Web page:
Supply chain immediacy requires an overhaul of logistics infrastructures

LogisticsThe demand for faster service and the extremely rapid pace with which change is taking place will need to be addressed by all companies and many will need to completely reinvent their supply chains over the coming years to cope and to stay in business.

The current trend for businesses to offer an almost instantaneous delivery is being adopted all around the world. In some places, including Madrid, cities in Germany, and as many as 43 of the cities in China, same-day delivery is now being offered. This demand for so-called “immediacy” has taken supply chains by surprise and they are now lagging woefully behind.

Starting with a clean sheet of paper

Businesses that wish to remain competitive and retain their market share are going to have to rapidly and dramatically reinvent their supply chains. It’s probably going to have to be a case of starting with a clean sheet of paper, and with things moving and changing so fast, companies will have to ask themselves questions such as, “How do I best serve my customer today?”

The supply chains that are currently in place all around the world are in actual fact based on conditions that are in some cases are no longer valid. Trying to patch these existing supply chains up with temporary fixes is probably not going to cut the mustard. It’s almost certainly going to have to involve a total rethink.

Companies are going to need to think about modifying their supply chains and involving suppliers not only on a collaborative basis, but also adjusting the supply chain so as to integrate processes and technology that do not at this point in time exist. Many people are calling this immediacy “the Amazon effect,” and although they have certainly started it off, it is rapidly spreading worldwide.

Modified supply chains already exist

The changes that are going to be needed to bring supply chains up to speed them up are many. For example, what is termed as being “inventory velocity,” is going to have to be supercharged.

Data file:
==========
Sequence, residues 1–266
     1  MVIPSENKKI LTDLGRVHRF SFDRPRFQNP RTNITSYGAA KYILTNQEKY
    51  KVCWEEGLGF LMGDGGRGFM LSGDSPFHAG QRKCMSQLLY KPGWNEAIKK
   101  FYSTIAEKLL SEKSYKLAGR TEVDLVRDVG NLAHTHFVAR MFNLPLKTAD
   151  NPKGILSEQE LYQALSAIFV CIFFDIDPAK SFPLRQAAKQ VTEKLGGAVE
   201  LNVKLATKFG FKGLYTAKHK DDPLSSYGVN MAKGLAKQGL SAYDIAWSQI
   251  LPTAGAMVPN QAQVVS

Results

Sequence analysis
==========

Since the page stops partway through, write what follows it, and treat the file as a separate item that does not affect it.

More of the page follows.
The fact of the matter is that some companies are offering immediacy now. That means that they have already modified their supply chains to cope. If their competitors don’t follow suit quickly, they will be left behind and they will sacrifice their share of the market.

Supply chains are improving in terms of technology almost on a daily basis. A fully integrated supply chain with all parties collaborating and sharing information instantaneously through The Cloud has already brought a certain amount of “self-awareness” and faster response into the mix.

Supply Chain manager need to be Change Managers too

The big problem for many businesses however, is going to be an internal one. To make immediacy happen in terms of supply chain, there are going to have to be a lot of changes, and change is something that the staff of many organizations is simply not comfortable with.

What this means is that supply chain managers are going to have to become Change Managers, or at least they are going to have to adopt the skills and approach of Change Managers in order to convince their staff not only to accept change, but to welcome and embrace it.

The need to change the logistics infrastructure

As the demand for immediacy grows, the logistics side of supply chains will be put under more and more pressure. There has been much talk about driverless trucks, and driverless truck convoys moving up and down the roads and highways. But before this can be truly even contemplated, the whole transport infrastructure in countries like the US is going to have to be seriously shaken up, and we’re not just talking about the Highways; we’re also talking about the Ports, the Railways, and the Airports too. From a private/personal point of view, what’s in place right now, in places like the US is fine. But from a business point of view, and looking at immediacy in particular; what’s in place currently would not be able to even start to cope – its seriously second rate.

Drones and 3D delivery vehicles

The problem is going to be one of getting the US administration and the administrations of other key countries around the world to relook at their investment plans. Without this, supply chains are never going to be able to fully meet the demand for immediacy.

There are some interim measures that can be taken and that are indeed already being taken. Amazon for example is seriously talking about employing drones, especially in the UK. There is even talk about the possible use of 3D delivery vehicles. But the fact of the matter is that these are temporary fixes. The main problem lies with the poor state of the logistics infrastructures in many countries including the US.

The business world must pressurize the political world

If we in  the supply chain business can see where the problem lies, and what needs to be done about it, then our businesses and trade organizations need to set about putting pressure on the administration to rethink their investment plans for our transport infrastructures. If this isn’t done, ongoing immediacy across the board is simply not going to be achievable.

In the light of further political reticence to overhaul national logistics infrastructures, what other interim measures (like the use of Delivery Drones and 3D trucks) do you think should be put in place to speed up delivery in the supply chain?

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